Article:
A judge has temporarily loosened some of Harrisburg’s gun laws following a lawsuit brought by a gun rights organization.
A similar legal clash is occuring in Philadelphia’s courts, and advocates for more gun protections say there may be a hopeful sign in the judge’s ruling.
The Harrisburg judge found that three of five gun regulations the suit attacked should not be enforced while the lawsuit is pending, saying the protections go farther than state law. In legal language, the judge’s temporary lifting is called a preliminary injunction.
The preliminary injunction is the latest ruling to spring from a new Pennsylvania law known as Act 192. The NRA-backed measure allows gun owners to sue cities to relax gun restrictions without having to prove that any harm was caused.
Before the law, Pennsylvania courts would throw out suits that sought to roll back gun restrictions because plaintiffs lacked standing. But Act 192 gets rid of the requirement that a person needs to be aggrieved by a law in order to have a legitimate case.
The Dauphin County judge refused to strike down one Harrisburg law requiring gun owners to report lost or stolen guns.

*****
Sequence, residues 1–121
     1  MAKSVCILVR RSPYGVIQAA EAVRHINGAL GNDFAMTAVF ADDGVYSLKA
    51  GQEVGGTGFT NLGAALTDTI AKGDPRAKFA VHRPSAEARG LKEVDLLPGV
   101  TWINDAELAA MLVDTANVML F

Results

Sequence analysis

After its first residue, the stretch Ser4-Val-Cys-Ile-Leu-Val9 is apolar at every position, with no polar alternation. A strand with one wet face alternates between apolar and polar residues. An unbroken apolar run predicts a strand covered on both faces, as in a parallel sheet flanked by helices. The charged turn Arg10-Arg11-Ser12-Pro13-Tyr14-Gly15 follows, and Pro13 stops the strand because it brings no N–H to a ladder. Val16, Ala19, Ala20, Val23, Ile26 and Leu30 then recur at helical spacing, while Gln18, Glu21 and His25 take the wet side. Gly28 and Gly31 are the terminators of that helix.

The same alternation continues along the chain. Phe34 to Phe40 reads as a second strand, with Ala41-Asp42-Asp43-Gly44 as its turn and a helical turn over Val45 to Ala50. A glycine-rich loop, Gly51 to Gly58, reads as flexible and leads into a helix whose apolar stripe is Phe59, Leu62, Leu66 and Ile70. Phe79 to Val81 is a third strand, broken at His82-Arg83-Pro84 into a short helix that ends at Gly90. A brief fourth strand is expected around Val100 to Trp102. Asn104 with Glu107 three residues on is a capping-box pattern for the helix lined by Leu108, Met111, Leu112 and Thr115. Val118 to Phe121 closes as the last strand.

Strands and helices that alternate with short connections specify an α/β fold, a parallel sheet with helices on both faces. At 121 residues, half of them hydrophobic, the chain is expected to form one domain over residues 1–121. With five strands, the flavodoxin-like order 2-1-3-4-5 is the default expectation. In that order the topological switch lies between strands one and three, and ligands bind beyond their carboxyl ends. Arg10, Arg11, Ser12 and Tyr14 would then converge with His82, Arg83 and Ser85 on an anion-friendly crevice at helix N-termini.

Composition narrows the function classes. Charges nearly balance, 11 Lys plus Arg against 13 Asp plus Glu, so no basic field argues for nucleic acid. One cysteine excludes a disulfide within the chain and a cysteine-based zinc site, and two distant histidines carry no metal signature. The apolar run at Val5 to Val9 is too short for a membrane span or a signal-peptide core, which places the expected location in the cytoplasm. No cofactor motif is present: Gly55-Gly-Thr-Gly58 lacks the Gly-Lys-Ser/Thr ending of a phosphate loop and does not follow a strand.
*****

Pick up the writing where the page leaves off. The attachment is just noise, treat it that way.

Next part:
That same requirement is among a series of gun regulations being challenged in Philadelphia.
Shira Goodman of CeaseFire PA, which is fighting to keep the regulations, said the regulation helps police keep track of guns that could be used in crimes.
“If a gun was stolen, and it’s not at a crime scene, they’re not going back to knock on your door and say, ‘Where’s your gun?’ because they know,” Goodman said. “But they also know that if they keep finding guns that were lost from you, maybe they’re going to find someone who is using their clean record to traffic guns.”
Goodman said the lost or stolen reporting rule is among the city’s most important gun protections since it helps root out “straw buyers,” or those who buy guns legally and hand them over to criminals.
A hearing in the case — in which Philadelphia, Pittsburgh and Harrisburg are seeking to scrap Act 192 — is scheduled for April.
The cities are leveling a procedural attack. Since Act 192 was tucked into another bill establishing penalties for scrap metal theft, the cities are arguing that it runs afoul of a state law saying a bill must pertain to a single topic.
“It’s a law school exam, but in real life,” Goodman said.
An NRA spokesman did not immediately return a interview request.